Cooler nights and days of fall can create conditions that encourage the disease known as downy mildew.

This problem is caused by an organism that is more closely related to brown algae than to fungi: Hyaloperonospora parasitica. It infects plants from plant debris left in the soil, or it may be carried on the surface of seeds. All stages of the plant are susceptible, including the very first leaves that emerge from the seed (the cotyledons), but symptoms may be overlooked. As the infection progresses, the organism produces spores that initiate new infections. The structures on which the spores are produced can be seen when the temperatures are mild and relative humidity is high. Under these conditions, the sporulation structures (conidiophores) and spores will emerge from the plant tissue and appear as a tiny whitish fuzz on the undersides of the leaves or on stems.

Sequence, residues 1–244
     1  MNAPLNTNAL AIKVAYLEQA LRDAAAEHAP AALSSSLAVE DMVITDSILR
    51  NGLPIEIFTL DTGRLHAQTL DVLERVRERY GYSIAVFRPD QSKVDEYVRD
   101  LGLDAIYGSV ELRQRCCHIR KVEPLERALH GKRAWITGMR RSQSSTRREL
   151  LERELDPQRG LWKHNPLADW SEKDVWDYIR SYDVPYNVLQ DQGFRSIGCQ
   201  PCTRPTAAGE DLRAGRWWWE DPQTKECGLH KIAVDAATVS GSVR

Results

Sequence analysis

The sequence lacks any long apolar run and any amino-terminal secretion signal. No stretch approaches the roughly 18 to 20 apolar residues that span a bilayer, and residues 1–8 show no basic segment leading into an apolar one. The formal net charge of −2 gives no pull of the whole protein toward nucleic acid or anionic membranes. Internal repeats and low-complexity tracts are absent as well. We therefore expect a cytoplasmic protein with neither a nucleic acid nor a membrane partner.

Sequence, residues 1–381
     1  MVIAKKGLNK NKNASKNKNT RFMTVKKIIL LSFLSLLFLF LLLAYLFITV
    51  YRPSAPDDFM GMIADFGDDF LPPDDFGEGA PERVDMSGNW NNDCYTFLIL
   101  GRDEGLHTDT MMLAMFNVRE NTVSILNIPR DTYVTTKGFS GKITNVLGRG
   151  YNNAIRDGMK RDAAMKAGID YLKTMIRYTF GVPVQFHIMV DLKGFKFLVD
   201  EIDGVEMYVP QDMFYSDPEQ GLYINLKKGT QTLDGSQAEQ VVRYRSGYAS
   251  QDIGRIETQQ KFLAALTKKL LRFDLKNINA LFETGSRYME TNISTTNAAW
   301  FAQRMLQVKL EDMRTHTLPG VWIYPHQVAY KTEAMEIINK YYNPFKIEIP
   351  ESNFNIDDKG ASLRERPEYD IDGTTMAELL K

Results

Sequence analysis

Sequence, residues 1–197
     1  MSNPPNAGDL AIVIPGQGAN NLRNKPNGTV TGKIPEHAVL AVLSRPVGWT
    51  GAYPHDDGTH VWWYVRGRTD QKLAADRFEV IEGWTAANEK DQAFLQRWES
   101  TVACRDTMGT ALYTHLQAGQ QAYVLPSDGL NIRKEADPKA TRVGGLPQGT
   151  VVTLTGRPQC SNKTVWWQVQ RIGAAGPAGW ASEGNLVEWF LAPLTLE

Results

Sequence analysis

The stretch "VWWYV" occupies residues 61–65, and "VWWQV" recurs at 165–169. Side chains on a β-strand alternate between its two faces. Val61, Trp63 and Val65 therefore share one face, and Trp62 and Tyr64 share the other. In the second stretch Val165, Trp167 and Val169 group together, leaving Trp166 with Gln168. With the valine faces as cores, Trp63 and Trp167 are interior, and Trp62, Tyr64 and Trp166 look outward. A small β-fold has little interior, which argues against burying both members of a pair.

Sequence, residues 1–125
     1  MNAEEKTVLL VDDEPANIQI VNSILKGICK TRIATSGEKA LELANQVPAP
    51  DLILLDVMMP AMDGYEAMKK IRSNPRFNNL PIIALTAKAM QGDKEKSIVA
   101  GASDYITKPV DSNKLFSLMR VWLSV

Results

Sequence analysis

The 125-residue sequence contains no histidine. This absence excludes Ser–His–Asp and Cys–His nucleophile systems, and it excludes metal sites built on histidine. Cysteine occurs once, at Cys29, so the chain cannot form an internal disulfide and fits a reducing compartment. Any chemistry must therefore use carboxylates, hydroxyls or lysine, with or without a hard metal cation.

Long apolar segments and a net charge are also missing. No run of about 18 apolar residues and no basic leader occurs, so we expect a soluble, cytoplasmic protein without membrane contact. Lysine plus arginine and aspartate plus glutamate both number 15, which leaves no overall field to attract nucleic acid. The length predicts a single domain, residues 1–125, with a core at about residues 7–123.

Infection of the roots causes dark, irregularly shaped spots on the roots that often crack, and scattered or more concentrated dark areas in the flesh of the root. Similar spots occur on the seed pods.



This organism cannot live without plant tissue but will persist in plant debris until it completely degrades. For home gardens, removal and destruction of infected plants will help to prevent spread. For commercial crops, see the PNW Plant Disease Management Handbook for more information.